A little girl wanted to know what the United States looked like. Her Dad tore a map of the USA from a magazine and then cut it into small pieces. He told her to go to her room to see if she could put it together. After some minutes she returned and handed the map correctly fitted and taped together. The Dad was surprised and asked how she had finished so quickly. She said, “On the other side was a picture of Jesus and when I put him back then our country just came together!”
I’m most concerned about her not knowing what the US looked like, yet was capable of putting together the face of Jesus from small pieces in minutes. I call shenanigans on this post. </sarcasm>
God, I hate this cut and paste crap. Click to search the phrase "if you agree" on Openbook. It’s the new chain email, I swear.
God has apparently had it with us, but for much different reasons than Pat Robertson preaches. This was written by one of those progressive, social-justice oriented reverends Glenn Beck said we should fear.
On this July 4, we would do well to renounce nationalism and all its symbols: its flags, its pledges of allegiance, its anthems, its insistence in song that God must single out America to be blessed.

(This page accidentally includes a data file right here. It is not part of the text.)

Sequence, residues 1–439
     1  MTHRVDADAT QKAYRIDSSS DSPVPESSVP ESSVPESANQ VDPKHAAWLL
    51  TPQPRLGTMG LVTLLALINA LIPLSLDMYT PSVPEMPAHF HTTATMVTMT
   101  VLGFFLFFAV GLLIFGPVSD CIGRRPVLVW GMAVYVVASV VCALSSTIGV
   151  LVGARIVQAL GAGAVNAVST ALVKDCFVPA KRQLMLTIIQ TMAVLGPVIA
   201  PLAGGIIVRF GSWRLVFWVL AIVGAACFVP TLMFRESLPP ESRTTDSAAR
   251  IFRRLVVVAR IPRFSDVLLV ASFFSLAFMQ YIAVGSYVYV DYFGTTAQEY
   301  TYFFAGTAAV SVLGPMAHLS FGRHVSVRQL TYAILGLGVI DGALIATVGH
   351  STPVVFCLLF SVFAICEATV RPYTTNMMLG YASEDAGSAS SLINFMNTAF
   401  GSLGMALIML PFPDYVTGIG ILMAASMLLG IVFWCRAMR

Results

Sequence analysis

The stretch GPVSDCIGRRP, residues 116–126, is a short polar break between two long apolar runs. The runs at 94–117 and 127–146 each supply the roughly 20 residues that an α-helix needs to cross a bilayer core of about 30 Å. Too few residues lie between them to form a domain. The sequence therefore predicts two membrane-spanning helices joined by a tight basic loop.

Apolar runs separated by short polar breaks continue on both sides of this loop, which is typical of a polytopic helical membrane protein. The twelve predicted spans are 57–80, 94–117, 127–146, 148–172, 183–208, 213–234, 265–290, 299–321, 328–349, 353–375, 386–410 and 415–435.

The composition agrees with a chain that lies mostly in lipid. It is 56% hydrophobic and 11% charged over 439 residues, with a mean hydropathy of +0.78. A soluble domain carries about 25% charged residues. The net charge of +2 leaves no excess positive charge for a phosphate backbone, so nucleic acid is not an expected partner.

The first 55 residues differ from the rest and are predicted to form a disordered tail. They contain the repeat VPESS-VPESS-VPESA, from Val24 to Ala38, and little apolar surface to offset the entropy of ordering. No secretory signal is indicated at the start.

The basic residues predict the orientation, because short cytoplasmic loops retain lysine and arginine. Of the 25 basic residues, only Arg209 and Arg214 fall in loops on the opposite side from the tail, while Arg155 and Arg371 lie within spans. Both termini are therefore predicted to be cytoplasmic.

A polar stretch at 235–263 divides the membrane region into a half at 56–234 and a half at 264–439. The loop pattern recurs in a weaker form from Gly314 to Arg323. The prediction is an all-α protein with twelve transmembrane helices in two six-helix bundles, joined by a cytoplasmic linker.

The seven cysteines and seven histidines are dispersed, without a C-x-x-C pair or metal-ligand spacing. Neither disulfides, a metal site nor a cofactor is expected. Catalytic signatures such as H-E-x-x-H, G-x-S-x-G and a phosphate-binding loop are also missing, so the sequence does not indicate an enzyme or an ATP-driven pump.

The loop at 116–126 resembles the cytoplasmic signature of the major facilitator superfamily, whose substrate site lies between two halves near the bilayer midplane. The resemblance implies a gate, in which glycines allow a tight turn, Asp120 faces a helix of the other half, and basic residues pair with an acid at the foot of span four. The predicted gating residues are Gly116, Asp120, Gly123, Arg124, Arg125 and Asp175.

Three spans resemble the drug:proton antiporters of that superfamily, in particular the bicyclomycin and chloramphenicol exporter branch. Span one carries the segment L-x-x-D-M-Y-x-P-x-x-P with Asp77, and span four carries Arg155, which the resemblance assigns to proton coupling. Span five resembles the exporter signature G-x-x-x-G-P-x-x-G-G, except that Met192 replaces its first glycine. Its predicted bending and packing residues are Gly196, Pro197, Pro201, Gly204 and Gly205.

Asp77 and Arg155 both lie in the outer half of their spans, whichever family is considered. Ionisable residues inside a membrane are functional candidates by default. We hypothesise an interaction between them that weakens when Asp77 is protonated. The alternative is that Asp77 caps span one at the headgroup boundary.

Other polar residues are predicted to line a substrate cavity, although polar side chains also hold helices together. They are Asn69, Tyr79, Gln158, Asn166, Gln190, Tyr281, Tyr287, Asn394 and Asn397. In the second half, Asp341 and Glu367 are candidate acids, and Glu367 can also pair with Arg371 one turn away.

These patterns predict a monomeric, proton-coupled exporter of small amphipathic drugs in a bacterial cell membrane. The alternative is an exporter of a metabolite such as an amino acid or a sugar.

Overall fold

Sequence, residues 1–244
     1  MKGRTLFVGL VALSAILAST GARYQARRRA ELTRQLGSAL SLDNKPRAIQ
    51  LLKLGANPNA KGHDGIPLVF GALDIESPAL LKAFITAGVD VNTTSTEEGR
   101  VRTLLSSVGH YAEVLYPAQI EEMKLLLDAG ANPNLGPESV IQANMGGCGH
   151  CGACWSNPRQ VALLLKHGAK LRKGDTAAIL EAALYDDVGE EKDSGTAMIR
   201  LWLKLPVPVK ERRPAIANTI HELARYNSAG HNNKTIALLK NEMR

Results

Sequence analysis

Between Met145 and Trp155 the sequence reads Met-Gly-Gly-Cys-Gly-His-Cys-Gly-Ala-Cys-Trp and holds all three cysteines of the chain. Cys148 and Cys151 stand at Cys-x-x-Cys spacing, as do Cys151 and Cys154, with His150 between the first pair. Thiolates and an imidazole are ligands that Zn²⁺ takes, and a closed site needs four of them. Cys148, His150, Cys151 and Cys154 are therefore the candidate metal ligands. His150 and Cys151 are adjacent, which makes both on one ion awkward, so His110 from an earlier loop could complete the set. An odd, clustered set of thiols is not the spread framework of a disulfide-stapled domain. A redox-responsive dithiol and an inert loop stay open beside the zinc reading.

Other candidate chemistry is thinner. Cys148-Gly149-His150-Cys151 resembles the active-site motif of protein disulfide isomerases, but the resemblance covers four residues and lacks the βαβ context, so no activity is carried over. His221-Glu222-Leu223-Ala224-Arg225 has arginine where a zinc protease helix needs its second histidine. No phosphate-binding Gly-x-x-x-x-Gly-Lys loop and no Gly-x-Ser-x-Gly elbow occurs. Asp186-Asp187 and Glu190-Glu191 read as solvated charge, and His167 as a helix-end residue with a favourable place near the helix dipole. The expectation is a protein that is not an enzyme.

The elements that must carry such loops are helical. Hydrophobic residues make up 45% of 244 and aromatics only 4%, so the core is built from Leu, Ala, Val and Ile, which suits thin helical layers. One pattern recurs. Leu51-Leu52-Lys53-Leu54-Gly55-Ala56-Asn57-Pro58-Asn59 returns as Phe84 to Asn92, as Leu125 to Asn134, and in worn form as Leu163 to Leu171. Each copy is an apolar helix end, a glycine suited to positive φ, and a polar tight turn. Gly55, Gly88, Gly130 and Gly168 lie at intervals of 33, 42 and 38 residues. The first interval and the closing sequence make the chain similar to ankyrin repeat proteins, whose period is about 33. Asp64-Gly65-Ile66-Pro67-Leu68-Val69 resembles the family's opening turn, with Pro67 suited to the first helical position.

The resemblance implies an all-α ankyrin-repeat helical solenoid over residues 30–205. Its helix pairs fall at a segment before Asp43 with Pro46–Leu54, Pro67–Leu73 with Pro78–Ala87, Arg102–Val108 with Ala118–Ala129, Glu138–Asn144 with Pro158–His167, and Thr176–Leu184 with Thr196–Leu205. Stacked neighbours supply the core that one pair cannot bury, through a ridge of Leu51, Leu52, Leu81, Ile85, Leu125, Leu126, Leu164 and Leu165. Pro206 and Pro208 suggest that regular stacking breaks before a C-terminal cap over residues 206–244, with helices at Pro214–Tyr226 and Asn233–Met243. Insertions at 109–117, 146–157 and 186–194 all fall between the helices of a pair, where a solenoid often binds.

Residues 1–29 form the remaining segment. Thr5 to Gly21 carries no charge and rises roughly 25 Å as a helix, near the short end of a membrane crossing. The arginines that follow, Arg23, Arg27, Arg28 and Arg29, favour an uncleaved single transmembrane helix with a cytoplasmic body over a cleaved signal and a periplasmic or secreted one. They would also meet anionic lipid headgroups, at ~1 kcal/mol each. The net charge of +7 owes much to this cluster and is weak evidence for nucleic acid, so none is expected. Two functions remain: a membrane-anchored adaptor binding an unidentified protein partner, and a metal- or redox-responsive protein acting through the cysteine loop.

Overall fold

Is not nationalism - that devotion to a flag, an anthem, a boundary so fierce it engenders mass murder - one of the great evils of our time, along with racism, along with religious hatred?
These ways of thinking - cultivated, nurtured, indoctrinated from childhood on - have been useful to those in power, and deadly for those out of power. National spirit can be benign in a country that is small and lacking both in military power and a hunger for expansion (Switzerland, Norway, Costa Rica and many more). But in a nation like ours - huge, possessing thousands of weapons of mass destruction - what might have been harmless pride becomes an arrogant nationalism dangerous to others and to ourselves.
Our citizenry has been brought up to see our nation as different from others, an exception in the world, uniquely moral, expanding into other lands in order to bring civilization, liberty, democracy. That self-deception started early.
Howard Zinn, “Put away the flags,” The Progressive, July 3, 2006
Nationalism is not to be confused with patriotism. Both words are normally used in so vague a way that any definition is liable to be challenged, but one must draw a distinction between them, since two different and even opposing ideas are involved. By “patriotism” I mean devotion to a particular place and a particular way of life, which one believes to be the best in the world but has no wish to force on other people. Patriotism is of its nature defensive, both militarily and culturally. Nationalism, on the other hand, is inseparable from the desire for power.
The abiding purpose of every nationalist is to secure more power and more prestige, not for himself but for the nation or other unit in which he has chosen to sink his own individuality.
Author and journalist George Orwell, Notes on Nationalism, May 1945